[Image courtesy of BOENYC Twitter page]
After months of buildup, New York City held its citywide primary election yesterday, choosing nominees in the race to succeed Mayor Michael Bloomberg and fill other citywide offices.
The big story, of course, was the return of the City’s lever voting machines, which were pressed into service after concerns about whether or not the Board of Elections would have time to turn around ballots in the event of a runoff, which could be likely (at least on the Democratic side) pending the final count.
Lever machines yielded a mixed bag on Tuesday; the New York Times found that they brought “problems and praise“, with some voters encountering jammed or broken machines and others relishing the chance to hear the traditional “thunk” of a cast ballot.
Through it all – as is common these days – it all played out on Twitter. At the center of it all, the New York City Board of Elections fielded questions, complaints and comments using Twitter handle @BOENYC. There was a little of everything in that feed – complaints about broken machines, reports of electioneering, gripes about the behavior of poll workers or poll watchers – and all day, one or more people (I hope it was more than one!) at the Board patiently reassured voters, asked for more information and made plans for followup. The feed even consoled a voter with a =( when he reported that his polling site had run out of “I Voted” stickers.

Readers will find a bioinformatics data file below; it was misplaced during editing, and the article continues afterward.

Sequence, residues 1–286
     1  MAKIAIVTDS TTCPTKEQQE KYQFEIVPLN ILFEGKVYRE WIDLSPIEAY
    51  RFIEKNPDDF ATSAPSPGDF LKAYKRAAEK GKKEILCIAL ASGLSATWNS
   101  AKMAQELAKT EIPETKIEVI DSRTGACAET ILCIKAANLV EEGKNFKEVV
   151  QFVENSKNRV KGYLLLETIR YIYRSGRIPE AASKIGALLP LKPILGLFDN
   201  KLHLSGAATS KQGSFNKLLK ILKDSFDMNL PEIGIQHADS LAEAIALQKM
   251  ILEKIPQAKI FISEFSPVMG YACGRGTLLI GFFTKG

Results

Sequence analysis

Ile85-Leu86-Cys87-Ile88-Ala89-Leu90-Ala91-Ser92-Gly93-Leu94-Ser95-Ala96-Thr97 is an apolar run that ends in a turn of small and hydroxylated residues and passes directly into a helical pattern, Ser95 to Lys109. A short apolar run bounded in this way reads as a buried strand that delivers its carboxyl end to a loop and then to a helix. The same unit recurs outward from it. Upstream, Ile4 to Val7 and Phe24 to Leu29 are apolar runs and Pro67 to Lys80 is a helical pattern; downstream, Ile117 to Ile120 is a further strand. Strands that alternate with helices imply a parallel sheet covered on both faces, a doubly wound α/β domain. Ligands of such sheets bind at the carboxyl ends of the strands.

All in all, it made for fascinating reading – and while it won’t likely improve the Board’s reputation (which has taken a well-deserved beating given numerous problems) it does illustrate how front-line election workers dedicate themselves to helping voters on Election Day.
Kudos to whoever was behind @BOENYC – and here’s hoping you’re icing those carpal tunnels/thumbs today!